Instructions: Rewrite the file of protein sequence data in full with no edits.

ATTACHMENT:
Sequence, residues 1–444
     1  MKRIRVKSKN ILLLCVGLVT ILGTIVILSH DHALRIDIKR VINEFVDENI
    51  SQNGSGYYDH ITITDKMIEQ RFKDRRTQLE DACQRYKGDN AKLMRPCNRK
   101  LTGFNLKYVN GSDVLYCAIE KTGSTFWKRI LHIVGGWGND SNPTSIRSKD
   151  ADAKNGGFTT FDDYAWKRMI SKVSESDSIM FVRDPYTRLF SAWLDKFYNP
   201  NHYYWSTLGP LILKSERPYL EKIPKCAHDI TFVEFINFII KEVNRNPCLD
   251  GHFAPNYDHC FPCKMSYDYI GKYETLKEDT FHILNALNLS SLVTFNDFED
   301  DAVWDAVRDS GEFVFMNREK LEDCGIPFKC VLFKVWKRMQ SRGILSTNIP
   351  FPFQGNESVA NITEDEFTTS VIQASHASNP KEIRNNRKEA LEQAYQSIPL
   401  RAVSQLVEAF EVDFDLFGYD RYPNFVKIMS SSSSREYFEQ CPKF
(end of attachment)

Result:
Sequence, residues 1–444
     1  MKRIRVKSKN ILLLCVGLVT ILGTIVILSH DHALRIDIKR VINEFVDENI
    51  SQNGSGYYDH ITITDKMIEQ RFKDRRTQLE DACQRYKGDN AKLMRPCNRK
   101  LTGFNLKYVN GSDVLYCAIE KTGSTFWKRI LHIVGGWGND SNPTSIRSKD
   151  ADAKNGGFTT FDDYAWKRMI SKVSESDSIM FVRDPYTRLF SAWLDKFYNP
   201  NHYYWSTLGP LILKSERPYL EKIPKCAHDI TFVEFINFII KEVNRNPCLD
   251  GHFAPNYDHC FPCKMSYDYI GKYETLKEDT FHILNALNLS SLVTFNDFED
   301  DAVWDAVRDS GEFVFMNREK LEDCGIPFKC VLFKVWKRMQ SRGILSTNIP
   351  FPFQGNESVA NITEDEFTTS VIQASHASNP KEIRNNRKEA LEQAYQSIPL
   401  RAVSQLVEAF EVDFDLFGYD RYPNFVKIMS SSSSREYFEQ CPKF